And we must not forget that giant wall they are building along the mexican american border. For sure that is going to stop the drugs and bad people from coming into the States.

The war on drugs will not be won, and the flow of drugs will not stop. The demand is too high.

It is a very sad state of affairs. Both sides loose.

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diana schroeder

Apr 8, 2011 at 8:18pm

It is the corruption in both the U.S. and Mexico that is creating so much suffering. You have to look at the whole picture, including the smuggling of arms and ammunition into Mexico and the laundering of drug money in the U.S. (Wachovia). Even when the bank (Wells Fargo) is caught red-handed, they only get a slap on the wrist. The U.S. also goes out of its way to cloak the cartel bosses with respectability. In fact, in the U.S., they are philanthropists! Rich geezers with banking backgrounds who support ecological foundations, art and education. The Mexicans know the degree of deception at play but the media doesn't bother to investigate or connect the dots. Those ruthless cartels who are killing each other and innocent bystanders are very low down on the totem pole. The real bosses do not use AK47's, they wouldn't dirty their hands.

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TheMan

Apr 8, 2011 at 10:00pm

Are you stupid hippies that naive to think that legalizing drugs will break the backs of the drug gangs? You don't think the cartels will infiltrate state run drug producers and distributers? You want fake studies showing that drugs aren't harmful by fake lobby groups so people take more substances?

The war on drugs sucks, but your ideas are retarded.

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Rick H

Apr 8, 2011 at 11:46pm

1: It will, despite your knee-jerk reactions to the contrary. Do some research.

2: It won't, if there are some actual toothy regs in place (wait, what am I thinking?)

3: Fake studies? You mean like from the Cato Institute, American Enterprise Institute and the Fraser Institute? Riiiight.

The war on drugs sucks, and your ideas are retarded.

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ErnestPayne

Apr 9, 2011 at 1:58am

Yet another failed war that the US cannot afford. Unfortunately common sense is not likely to rear its head when your country (unfortunately including the Harpo government) is so ideologically driven.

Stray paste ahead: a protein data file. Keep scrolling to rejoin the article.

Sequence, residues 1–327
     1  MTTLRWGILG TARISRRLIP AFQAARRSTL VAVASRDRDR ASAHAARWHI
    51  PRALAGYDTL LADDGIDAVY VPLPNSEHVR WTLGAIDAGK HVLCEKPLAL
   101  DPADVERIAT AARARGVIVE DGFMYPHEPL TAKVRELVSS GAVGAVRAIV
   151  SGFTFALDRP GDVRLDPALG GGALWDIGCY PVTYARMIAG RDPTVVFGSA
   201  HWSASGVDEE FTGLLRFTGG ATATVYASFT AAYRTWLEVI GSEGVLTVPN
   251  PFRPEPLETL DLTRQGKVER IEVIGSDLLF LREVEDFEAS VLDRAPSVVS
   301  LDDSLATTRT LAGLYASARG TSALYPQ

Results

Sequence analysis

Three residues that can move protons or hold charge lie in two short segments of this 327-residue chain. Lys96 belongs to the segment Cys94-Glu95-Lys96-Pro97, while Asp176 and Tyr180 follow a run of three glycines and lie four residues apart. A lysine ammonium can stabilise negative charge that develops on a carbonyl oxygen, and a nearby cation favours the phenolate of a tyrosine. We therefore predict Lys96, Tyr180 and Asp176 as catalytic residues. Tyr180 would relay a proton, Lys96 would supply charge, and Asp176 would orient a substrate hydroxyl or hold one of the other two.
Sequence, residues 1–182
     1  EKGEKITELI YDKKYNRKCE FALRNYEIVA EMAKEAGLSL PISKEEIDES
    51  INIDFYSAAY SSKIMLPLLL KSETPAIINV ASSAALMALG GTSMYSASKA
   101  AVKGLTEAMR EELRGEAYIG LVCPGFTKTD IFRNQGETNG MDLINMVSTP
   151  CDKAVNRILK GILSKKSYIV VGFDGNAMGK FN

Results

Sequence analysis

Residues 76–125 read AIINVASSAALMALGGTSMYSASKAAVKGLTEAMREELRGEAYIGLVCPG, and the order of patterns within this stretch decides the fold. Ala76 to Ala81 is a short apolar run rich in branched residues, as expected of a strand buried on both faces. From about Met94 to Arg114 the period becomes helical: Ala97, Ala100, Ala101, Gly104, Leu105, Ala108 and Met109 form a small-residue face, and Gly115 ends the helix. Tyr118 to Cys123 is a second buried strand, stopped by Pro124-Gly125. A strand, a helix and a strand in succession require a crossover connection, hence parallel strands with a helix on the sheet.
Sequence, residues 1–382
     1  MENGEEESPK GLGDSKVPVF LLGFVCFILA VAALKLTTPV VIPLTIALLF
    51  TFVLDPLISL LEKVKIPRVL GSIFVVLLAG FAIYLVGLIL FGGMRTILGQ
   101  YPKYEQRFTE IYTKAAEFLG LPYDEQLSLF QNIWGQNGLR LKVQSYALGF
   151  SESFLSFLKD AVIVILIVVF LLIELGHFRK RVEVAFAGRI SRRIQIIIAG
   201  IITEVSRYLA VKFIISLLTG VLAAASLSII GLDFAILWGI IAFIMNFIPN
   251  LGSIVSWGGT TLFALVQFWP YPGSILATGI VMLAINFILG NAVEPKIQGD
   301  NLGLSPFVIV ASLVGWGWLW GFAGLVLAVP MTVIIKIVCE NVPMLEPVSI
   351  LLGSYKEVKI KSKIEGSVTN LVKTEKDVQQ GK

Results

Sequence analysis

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Susan Weiss

Apr 9, 2011 at 6:28am

Gwynne Dye:

Read this and weep, http://bit.ly/gSuH3X as this Mexican father, poet and journalist, Javier Sicilia is weeping.

We, ALL, here in Mexico, weep and are left speechless – BUT, Javier’s call for a “popular uprising against violence”, is the real reason for the organization of the “Something remarkable happened in Mexico last Wednesday (April 6)."

To all of you who think that journalist’s are not to be railed at – think again, after you read the words of Javier Sicilia, it is not the “start” of protests, it is not the middle and it will not be the end.

I happen to agree with “mi amigo Vicente Fox, ex-Presidente de Mexico” – legalize the drugs and the sales will go elsewhere.

Then we will have no more really sad fathers’, mothers’, sons’, daughters’, sisters’, brothers’, aunts’, uncles’, and citizenry of Mexico.

A Javier Sicilia y tu familia – que te vaya bien, y que tu hijo descanse en paz, respetosamente,

Susan Weiss

PS: Here is an excerpt of Javier Sicilia’s open letter to politicians’ and criminals: “The brutal assassination of my son, Juan Francisco, of Julio César Romero Jaime, of Luis Antonio Romero Jaime, and of Gabriel Anejo Escalera, is added to so many other boys and girls who have been assassinated just the same throughout the country, not only because of the war unleashed by the government of Calderón against organized crime, but also the rotting of the heart that has been wrought by the poorly labeled political class and the criminal class, which has broken its own codes of honor”¦.”